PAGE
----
Archive for the ‘Markets’ Category
With the advancements in technology, the way of doing things has changed. What was once the “king of the market” is now a shell of it’s former glorious self and, sadly, fading with each passing year. In this segment of Floored, we see the floor trader’s challenges in the face of rapidly changing technology and the very hard decisions they have to make about an industry many love.
In this first excerpt from the documentary Floored we’re given a brief description of how this chaotic world works. What some of the challenges are and the allure of this very high stakes world. One of the best quotes from this excerpt, “It’s not what you make, it’s what you don’t lose.”
In 1997, 10,000 people traded on the floors…Today, about 10% remain. Thus begins James Allen Smith’s movie “Floored,” which will premiere on Futuresmag.com Sept. 6. As we see in this sometimes harrowing, occasionally funny, often sad documentary…
Many of the conversations that I’ve been having with traders lately centers around the inability of retail traders to understand what the market is doing. That translates into uncertainty about our individual positions in the market and what the average Joe Trader should be doing.
This situation, now more that ever, speaks to the importance of clarifying your reasons for being in the market and your reasons for being a trader. Since predictability is even less likely, understanding your decision process becomes more important when trying to decipher your portfolio questions.
And if you doubt me, listen to what the experts are saying. In an interview for the NYTimes’ DealBook, Larry Fink, CEO of BlackRock talks about the uncertainty regarding the market and how politics is playing a part. It’s personally comforting to know that even the “experts”, or at least those with more money than me, aren’t sure about what is going on.
I’ve been talking for quite some time that the purpose of trading isn’t about the money. When I say that I often get a look from traders akin to placing my head on the coffee table and continuing the conversation. Impressions aside, I’m on record having promoted this thought for a while. Money is Not The Focus of Trading, and my thoughts on Money Management are just a couple of the posting I’ve had on the subject.
The core of the issue isn’t that trading should be an academic exercise. We absolutely want to be profitable at this venture, even if for no other reason than to trade for another day. The issue is that 98.5% of coaching in the trading world is focused on only making money and less than 2% is on what motivates you to trade. Humans are very complex beings. We’ve evolved beyond the primal need of food, shelter and procreation to want happiness in our lives, to have a sense of purpose, fulfillment and satisfaction beyond the bottom line. Study after study has shown that humans need more than just the monetary reward.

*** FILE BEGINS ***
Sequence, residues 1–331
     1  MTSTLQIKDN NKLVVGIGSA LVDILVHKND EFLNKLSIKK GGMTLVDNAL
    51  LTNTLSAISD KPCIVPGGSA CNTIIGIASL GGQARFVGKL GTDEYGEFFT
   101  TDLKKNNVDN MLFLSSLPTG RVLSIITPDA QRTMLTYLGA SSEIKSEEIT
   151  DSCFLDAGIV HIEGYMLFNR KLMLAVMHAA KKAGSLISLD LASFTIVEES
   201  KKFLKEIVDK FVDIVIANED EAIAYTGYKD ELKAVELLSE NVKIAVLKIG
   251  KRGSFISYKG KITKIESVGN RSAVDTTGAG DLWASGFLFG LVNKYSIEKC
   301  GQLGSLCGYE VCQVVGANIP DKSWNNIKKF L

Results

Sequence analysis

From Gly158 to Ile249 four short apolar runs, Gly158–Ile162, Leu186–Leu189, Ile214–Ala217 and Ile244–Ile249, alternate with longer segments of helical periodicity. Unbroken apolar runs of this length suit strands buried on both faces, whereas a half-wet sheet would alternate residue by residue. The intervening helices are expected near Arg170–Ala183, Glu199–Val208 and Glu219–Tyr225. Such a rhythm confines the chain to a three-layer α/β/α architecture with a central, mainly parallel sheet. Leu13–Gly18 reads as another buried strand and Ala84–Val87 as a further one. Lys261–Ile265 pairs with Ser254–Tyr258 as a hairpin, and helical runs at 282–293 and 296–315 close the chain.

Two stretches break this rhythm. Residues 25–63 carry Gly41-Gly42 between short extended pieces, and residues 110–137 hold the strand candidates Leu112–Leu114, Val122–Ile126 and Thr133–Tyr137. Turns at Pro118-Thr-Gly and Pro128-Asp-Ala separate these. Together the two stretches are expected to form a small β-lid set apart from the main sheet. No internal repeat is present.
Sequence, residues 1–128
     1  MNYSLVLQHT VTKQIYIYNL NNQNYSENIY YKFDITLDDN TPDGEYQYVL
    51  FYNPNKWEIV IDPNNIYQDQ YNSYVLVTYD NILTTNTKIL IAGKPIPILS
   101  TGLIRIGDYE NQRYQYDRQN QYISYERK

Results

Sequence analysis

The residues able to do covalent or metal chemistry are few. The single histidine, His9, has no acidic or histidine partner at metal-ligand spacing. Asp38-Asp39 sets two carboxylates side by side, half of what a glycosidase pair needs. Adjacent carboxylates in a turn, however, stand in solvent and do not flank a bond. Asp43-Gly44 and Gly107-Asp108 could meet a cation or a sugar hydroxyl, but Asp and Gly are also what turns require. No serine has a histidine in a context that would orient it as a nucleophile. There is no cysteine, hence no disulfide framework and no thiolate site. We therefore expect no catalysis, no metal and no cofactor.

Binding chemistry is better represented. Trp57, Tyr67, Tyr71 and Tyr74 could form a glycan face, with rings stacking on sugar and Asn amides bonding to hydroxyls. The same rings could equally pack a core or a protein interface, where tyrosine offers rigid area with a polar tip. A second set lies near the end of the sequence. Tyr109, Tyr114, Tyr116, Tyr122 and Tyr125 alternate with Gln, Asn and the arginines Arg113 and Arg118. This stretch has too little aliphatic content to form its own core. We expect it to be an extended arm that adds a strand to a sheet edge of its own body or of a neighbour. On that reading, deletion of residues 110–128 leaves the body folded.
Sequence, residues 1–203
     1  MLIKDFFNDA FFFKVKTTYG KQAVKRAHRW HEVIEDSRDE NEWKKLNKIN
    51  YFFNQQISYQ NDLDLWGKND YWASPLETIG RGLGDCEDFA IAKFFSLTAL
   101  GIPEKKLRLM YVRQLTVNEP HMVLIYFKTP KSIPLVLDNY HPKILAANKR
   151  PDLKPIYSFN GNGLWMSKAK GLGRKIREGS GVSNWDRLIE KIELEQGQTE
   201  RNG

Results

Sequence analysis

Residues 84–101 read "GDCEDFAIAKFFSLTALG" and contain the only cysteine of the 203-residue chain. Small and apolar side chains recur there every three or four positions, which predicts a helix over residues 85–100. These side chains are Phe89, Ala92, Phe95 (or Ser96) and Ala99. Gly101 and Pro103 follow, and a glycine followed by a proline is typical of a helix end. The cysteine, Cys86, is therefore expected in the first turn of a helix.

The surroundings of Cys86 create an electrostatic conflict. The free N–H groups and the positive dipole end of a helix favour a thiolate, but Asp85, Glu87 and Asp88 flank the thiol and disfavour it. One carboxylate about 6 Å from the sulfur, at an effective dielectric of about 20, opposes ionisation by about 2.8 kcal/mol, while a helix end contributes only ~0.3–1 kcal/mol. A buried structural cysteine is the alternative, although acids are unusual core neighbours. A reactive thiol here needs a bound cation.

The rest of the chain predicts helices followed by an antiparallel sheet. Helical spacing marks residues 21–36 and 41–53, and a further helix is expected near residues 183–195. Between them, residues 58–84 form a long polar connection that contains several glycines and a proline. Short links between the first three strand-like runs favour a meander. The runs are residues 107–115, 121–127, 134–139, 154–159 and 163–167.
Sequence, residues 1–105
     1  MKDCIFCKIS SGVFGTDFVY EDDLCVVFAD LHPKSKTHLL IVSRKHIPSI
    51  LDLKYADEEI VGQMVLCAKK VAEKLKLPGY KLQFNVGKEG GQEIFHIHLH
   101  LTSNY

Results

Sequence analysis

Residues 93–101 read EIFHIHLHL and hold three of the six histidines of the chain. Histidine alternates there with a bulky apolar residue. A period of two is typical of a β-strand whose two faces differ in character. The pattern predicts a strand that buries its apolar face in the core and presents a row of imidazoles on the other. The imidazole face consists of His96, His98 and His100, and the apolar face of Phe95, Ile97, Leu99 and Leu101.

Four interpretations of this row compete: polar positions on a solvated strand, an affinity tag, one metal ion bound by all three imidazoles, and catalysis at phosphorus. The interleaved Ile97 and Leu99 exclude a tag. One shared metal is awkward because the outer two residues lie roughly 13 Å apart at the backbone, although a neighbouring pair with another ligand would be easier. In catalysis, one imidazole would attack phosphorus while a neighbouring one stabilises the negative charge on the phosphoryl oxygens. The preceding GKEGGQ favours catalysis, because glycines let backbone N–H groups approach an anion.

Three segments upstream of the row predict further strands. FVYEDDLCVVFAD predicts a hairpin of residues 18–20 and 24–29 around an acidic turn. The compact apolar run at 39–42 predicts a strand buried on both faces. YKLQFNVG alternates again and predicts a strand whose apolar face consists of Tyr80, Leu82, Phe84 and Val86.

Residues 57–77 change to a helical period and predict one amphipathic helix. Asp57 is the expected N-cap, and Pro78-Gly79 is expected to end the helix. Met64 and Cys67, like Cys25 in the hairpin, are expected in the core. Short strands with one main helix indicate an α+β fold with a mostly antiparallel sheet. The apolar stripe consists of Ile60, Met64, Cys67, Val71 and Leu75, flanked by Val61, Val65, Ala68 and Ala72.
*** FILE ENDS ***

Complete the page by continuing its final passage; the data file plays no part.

To provide some evidence of this, I found a presentation from David Pink on his bestselling book Drive where he discusses some of the science around what motivates people in the work place. Even though his discussion relates to workers in organizations, the underlining information is valid for self-directed traders.
To paraphrase Mr. Pink, finding your purpose is key to your success in the markets. Most traders that I work with are pursuing trading as an avocation. Therefore, trading needs to fit into their lives and not the other way around. Defining the purpose of your trading is the first step in becoming a profitable trader.
As traders, making decisions is the crux of most trading dilemmas. When to get in the market, when to get out, how big of a position to take, where to take profit, and so on are just the few of the hundreds of decisions traders face. Add in a hint of insecurity or self-doubt and the anxiety produced can compound the number and intensity of the decisions.
It’s no wonder that traders are attracted by the claims of internet marketers in the trading world. The allure of better trading results is often the shiny object that traders are drawn to when frustration has them searching for new and improved methodologies or strategies. The caveat that marketers won’t tell you is that all strategies will fail at some point. Strategies are designed to take advantage of certain market conditions. When those conditions are absent, so are the winning trades. This over-analysis of decisions is often what leads to a new search and, more often than not, more frustration, more time wasted, and more money spent on new methods and more money lost in the market.
So what if we start taking back control of our decision process. Instead of buying, learning, and adapting to yet another trading strategy, why not adapt yourself to what you have in front of you right now. Change the way you think rather than spend money to have someone else tell you how to think. As humans we can get caught up in over thinking a decision, be that which peanut butter to purchase or which trading method to invest in. Lauren F. Friedman in Psychology Today writes in Pick One Already! that making decisions with more confidence and speed is a better option to brooding over a decision. I’m particularly fond of paragraphs Don’t Overthink and Stop Rationalizing.
In a similar vein, consider my earlier posting entitled, More Methods Does Not Mean More Profit.
When making your trading decisions this week, keep in mind that the Fed will be closely watched. This is a good time to ask if your trading decisions support or distract from your goals. If you don’t know what your trading goals are, this is a great time to ask the question.